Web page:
Throughout human history, one unavoidable fact of ageing has been the gradual loss of one’s teeth. While dietary, heredity and environmental factors all either hastened or delayed the inevitable, having a mouth with more gaps in it than teeth was eventually “just one of those things”.
By the mid-19th century, dentistry practices had evolved, bringing the manufacture of orally inserted plates of false teeth. Early dental plates held human teeth (mostly sourced from unclaimed corpses) but, as time went on, porcelain versions became available.
As good dentistry became widespread, the habit of filling carious teeth with gold grew popular. Period memoirs from across the Far East, including Hong Kong, have as a stock figure the gold-toothed domestic amah who shrewdly kept a portion of her savings tucked away in gold fillings.
Aesthetics aside, the reasons for this were eminently practical. If a person needed to flee from flood, famine, warlords, foreign invaders or some other calamity, then what could be more secure than an immediately realisable asset anchored in one’s mouth?
From the early 20th century onwards, Hong Kong’s more popular dentists were expatriate Japanese.
One reason for the influx of Japanese dentists, who established thriving practices in cities across the Far East, was the large number of Japanese sex workers then resident in port cities. An otherwise pretty prostitute with nasty rotting teeth, and correspondingly foul breath, would naturally lose customers and income.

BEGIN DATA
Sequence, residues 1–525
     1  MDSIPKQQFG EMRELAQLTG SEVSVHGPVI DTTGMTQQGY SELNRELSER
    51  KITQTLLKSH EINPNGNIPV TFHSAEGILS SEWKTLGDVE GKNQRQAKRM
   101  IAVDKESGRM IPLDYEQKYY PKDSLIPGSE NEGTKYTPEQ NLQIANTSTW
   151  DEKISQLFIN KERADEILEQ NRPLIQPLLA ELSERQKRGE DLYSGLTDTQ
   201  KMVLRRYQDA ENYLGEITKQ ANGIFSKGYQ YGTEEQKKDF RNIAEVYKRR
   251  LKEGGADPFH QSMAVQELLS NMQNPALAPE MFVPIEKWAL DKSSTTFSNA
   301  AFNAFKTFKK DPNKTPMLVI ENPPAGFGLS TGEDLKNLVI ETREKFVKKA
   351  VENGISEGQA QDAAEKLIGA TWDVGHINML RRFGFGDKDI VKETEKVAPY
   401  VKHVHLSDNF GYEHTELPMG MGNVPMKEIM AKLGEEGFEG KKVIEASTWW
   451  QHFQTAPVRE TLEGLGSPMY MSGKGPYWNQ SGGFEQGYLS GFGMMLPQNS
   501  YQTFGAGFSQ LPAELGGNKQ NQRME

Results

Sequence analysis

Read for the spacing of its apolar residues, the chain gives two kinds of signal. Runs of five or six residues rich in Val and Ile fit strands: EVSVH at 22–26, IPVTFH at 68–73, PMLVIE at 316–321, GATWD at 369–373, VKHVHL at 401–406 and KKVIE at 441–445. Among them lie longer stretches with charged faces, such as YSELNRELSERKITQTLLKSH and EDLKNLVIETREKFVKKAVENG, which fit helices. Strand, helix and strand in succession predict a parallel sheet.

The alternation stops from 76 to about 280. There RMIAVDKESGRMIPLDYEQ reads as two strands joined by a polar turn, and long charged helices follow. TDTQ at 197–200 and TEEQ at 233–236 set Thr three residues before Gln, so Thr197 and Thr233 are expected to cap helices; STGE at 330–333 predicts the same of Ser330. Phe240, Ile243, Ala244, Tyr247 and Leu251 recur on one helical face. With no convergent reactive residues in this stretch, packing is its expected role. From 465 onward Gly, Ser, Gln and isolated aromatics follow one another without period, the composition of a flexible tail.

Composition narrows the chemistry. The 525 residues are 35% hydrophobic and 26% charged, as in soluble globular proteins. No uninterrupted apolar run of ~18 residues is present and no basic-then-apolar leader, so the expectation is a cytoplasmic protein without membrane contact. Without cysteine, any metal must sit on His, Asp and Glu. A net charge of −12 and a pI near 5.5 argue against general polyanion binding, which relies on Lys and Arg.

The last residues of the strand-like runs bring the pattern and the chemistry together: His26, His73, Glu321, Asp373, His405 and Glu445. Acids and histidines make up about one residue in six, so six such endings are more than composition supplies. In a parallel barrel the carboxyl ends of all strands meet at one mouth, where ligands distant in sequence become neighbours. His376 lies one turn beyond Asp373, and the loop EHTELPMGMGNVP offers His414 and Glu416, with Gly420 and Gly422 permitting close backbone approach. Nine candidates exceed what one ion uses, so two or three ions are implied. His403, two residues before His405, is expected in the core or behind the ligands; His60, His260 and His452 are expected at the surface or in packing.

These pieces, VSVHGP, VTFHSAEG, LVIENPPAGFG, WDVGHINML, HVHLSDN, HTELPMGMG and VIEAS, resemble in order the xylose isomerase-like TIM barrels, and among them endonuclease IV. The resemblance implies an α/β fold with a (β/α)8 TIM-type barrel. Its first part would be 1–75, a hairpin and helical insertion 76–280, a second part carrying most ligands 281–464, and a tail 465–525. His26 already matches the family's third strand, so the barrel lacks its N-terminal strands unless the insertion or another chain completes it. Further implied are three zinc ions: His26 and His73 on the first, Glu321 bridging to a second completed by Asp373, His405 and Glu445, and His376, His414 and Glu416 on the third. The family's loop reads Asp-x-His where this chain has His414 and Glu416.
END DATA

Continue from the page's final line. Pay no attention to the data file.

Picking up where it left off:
Getting them fixed, therefore, was an investment that both the woman and her employers considered worthwhile. Prices were reasonable, and Japanese workmanship was good – especially for the dental plates then coming into vogue, which employed high-quality, naturally tinted Japanese porcelain for artificial teeth.
By the 1920s, few large provincial towns in Asia did not have at least one Japanese dentist in practice. Like many other Japanese small-business owners during the interwar years – the photographic studio proprietor, the restaurant owner, the hairdresser – local Japanese dentists were often assumed to be spies.
And more than a few were eventually proven to be so; post-war memoirs recount stories of long-established Japanese residents who had quietly vanished by late 1941, as war became imminent, and reappeared a few months later, after successive Allied surrenders across Asia, in military uniform and with a more fluent command of English, Dutch, French and other languages than they had hitherto shown.
In the post-war years, numerous refugee doctors and dentists from China, who were unable to get professional accreditation locally, due mostly to “closed shop” trade union practices, established businesses in the jurisdictional grey area of Kowloon Walled City.
Standards and fees were reasonable, and open-fronted dentist’s shops remained a local feature until the area was cleared and finally demolished in the early 1990s.
Advertising was vitally important; “before and after” photographs of ghastly crooked fangs transformed into gleaming pearly smiles of the sort usually seen in American toothpaste advertisements were a staple of these now vanished backstreet establishments.
For decades, professionally qualified dentists were in acute shortage in Hong Kong, which – naturally enough – kept treatment prices artificially high.
Prince Philip Dental Hospital, in Sai Ying Pun, was opened in 1981 in partial response to a deficit of properly trained dentists. This facility comes under the Faculty of Dentistry at the University of Hong Kong, and two-thirds of all dentists who now practise in the territory received all or part of their professional training there.